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47 of the 59 translations of the Bible online are consistent in translating the third phrase John 1:1 as ‘... the Word was God.’. The Greek Bible translated the same as ‘... God was the Word.’

Are both translations the same or different in the truth they convey? If not the same, what is the underlying reason for the difference? Can a serious reader of the Bible reach at the same understanding of the truth behind the two major differing translations?

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    What is "The Greek Bible" that you are referring to? – curiousdannii Nov 6 '19 at 1:56
  • Could you verify your statistic of 47 out of 59 translations please. I am interested in that figure and would appreciate a link to the evidence. – Nigel J Nov 6 '19 at 8:31
  • @Nigel - my apologies for belated response. The following like was used as basis for the statistics: biblegateway.com/verse/en/John%201:1 – Tesfaye Wolde Aug 23 '20 at 17:12
  • @TesfayeWolde Thank you. Much appreciated. – Nigel J Aug 23 '20 at 18:13
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This is a very good question about how Greek uses the definite article differently from English. In summary: "the Word was God" is best. Here's a short explanation as to why:

1. Greek uses "the" much more often than English

John 1:1 in Greek from Bible Hub: (every definite article in bold italics)

Ἐν ἀρχῇ ἦν Λόγος, καὶ Λόγος ἦν πρὸς τὸν Θεόν, καὶ Θεὸς ἦν Λόγος.

Greek uses the definite article (the) much more frequently than English because Greek nouns have case:

There are five CASES in Greek, the nominative, genitive, dative, accusative, and vocative.

...The case even includes the definite article. That would be like "a" or "the" in English having a different spelling if it was for an object, direct object, subject, possessive, etc. This is part of why so many Greek words also have "the".

Also, there is no indefinite article in Greek (a/an). In Greek, it's all the same.

2. Greek uses "the" with names

If we were consistent in translating "the God" from John 1, then Mark 10:51-52 and John 6:1 would say "the Jesus":

Ἰησοῦς

...There are countless other examples throughout the New Testament with countless other names. Names don't always get the article, but they often do; English never does.

3. Greek doesn't always use "the" with "God"

Notice that in John 1:1 "τὸν Θεόν, καὶ Θεὸς" the second time "God" appears, it is Nominative (subject) and doesn't have an article. This happens again in v6 in the Genitive (origin) "παρὰ Θεοῦ" (lit. 'from God').

If anything, that is a strong argument for not translating "the God" anywhere else, because Θεὸς is not so dependent on use with an article.

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  • These facts are correct, but I do not see an argument here that proves that either of the translations in the question are either correct, or wrong, or preferred. – Nigel J Nov 6 '19 at 8:33
  • @NigelJ This is a very good thought and you are thinking, which is good. Please keep thinking. But, it actually is enough for people who have studied the original languages and understand them. It didn't make sense to me when I first started Greek, but it is experience that fills in the rest to the conclusion of preference. Also, there never is a "proven" single best translation since language is an art and is highly subjective. This is why we have so many translations and why it is best to study the original languages when possible. Respect to you, should I clarify anything better? – Jesse Steele Nov 6 '19 at 16:14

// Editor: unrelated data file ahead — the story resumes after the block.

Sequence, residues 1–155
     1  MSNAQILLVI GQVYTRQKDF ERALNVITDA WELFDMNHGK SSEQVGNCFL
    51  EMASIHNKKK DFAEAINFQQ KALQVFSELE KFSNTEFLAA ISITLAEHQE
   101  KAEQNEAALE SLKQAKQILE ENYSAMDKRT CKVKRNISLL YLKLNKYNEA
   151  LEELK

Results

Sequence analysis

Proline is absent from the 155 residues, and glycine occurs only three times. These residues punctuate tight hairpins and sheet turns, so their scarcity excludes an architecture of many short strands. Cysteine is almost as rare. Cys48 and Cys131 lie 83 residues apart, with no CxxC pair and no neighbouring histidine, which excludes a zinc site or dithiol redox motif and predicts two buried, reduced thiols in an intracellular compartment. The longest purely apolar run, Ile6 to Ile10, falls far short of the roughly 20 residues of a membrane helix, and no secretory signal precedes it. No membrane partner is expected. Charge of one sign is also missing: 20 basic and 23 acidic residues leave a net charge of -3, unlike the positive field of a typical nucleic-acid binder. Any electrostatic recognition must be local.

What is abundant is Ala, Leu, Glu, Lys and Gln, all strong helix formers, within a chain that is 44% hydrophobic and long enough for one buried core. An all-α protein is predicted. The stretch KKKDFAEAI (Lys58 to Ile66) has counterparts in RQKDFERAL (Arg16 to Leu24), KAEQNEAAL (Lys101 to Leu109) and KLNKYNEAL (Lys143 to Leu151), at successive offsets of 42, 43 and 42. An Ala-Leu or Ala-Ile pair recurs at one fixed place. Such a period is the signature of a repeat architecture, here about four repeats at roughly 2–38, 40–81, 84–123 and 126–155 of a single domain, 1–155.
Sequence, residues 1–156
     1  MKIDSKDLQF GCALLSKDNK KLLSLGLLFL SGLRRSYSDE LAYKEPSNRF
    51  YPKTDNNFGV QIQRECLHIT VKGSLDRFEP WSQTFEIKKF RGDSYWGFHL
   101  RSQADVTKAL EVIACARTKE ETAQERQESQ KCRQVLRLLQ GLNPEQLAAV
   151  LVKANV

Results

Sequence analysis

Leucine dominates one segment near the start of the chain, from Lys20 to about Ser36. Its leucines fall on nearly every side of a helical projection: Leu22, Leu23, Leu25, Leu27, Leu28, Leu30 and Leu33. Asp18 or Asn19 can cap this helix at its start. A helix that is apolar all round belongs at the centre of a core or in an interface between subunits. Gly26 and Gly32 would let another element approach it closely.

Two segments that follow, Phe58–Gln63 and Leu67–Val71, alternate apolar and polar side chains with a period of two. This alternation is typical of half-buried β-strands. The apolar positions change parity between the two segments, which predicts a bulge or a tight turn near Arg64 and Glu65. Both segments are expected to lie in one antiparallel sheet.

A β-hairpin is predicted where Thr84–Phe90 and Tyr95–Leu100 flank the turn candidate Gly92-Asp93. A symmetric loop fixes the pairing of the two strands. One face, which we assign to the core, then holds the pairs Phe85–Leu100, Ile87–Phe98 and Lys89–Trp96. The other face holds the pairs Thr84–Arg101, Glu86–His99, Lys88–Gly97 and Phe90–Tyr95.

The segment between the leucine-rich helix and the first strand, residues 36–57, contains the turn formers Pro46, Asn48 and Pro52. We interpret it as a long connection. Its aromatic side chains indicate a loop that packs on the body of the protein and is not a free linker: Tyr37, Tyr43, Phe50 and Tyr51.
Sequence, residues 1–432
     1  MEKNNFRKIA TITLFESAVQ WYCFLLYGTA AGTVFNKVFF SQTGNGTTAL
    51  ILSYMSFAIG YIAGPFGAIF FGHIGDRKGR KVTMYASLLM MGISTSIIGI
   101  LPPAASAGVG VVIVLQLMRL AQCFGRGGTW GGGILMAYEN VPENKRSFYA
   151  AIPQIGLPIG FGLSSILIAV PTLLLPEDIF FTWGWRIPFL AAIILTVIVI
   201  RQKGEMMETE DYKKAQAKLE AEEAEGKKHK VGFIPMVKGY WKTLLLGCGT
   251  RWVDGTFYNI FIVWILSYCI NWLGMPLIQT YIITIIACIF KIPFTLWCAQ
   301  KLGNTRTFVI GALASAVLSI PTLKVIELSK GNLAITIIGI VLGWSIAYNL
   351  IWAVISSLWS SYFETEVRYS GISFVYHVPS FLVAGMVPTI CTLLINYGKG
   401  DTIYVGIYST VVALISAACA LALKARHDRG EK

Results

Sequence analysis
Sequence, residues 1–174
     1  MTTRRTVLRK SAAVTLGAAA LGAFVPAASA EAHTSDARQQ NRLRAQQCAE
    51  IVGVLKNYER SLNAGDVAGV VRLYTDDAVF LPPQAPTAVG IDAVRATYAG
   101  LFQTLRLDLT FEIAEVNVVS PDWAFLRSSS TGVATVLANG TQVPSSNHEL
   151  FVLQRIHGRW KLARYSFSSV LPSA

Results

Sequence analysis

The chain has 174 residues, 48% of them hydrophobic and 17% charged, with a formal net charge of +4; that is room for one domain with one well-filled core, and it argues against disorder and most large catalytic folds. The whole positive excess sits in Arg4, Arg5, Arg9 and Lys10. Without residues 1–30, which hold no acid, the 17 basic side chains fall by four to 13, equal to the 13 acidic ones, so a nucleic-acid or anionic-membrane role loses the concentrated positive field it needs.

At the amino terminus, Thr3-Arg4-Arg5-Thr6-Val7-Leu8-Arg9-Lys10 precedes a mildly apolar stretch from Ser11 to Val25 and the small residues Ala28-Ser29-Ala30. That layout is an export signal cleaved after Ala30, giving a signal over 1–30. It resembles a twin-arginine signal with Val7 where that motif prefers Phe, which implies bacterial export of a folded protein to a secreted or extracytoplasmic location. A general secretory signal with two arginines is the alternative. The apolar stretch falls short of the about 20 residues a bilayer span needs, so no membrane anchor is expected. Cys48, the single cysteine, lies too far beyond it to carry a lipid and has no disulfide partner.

• You need to consider what the article does. Daniel B Wallace makes it clear it is a matter of identification. Then you need to consider John's other constructions : 'God Light is' and 'God Love is'. – Nigel J Nov 6 '19 at 16:33
  • True, and I already included all of that, including John's countless other uses and the whole NT. Identification is a matter of noun case. The article can be taken over 30 different ways. But, we can't have a discussion about Greek unless we both know Greek. It seems that you're interested. Learn Greek, go for it, that would be awesome! – Jesse Steele Nov 6 '19 at 17:17
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    I kind of look at it this way. When you say "the Word was God" your describing God's essence or nature. When you say "God was the Word" your denoting or identifying that the Word is a person. – Mr. Bond Nov 8 '19 at 22:53
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Maybe I am too simplistic in my thinking, but to me "God was the Word" and "the Word was God" mean exactly the same thing to me. It is similar to a sentence such as "Jacob was his father" and "his father was Jacob." I cannot see the perceived difference.

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  • My own view is that your thinking is as you say, too simplistic. There is a definite emphasis in 'Theos was the Logos' and this is the original word order in the Greek text. So there needs to be a strong argument to prefer the weaker 'the Logos was Theos'. And there needs to be an argument as to why John did not use his other construction 'God, the light is' and 'God, the love is' in I John. – Nigel J Nov 6 '19 at 8:37
  • Reacting to Michele’s viewpoint, I strongly believe that there is a fundamental difference between the two: ‘... the Word was God’ and ‘God was the Word’. In his 1st Epistle, John told us ‘God is love.’ If we reverse this phrase it becomes ‘love is God’ which doesn’t convey the same truth. I’ll provide the link for the source of the statistics shortly. – Tesfaye Wolde Nov 6 '19 at 14:01
  • They are basically one-in-the-same. It's just John being super clear about that, like in 1 John 1 about there being no darkness in God. – Jesse Steele Nov 6 '19 at 16:16

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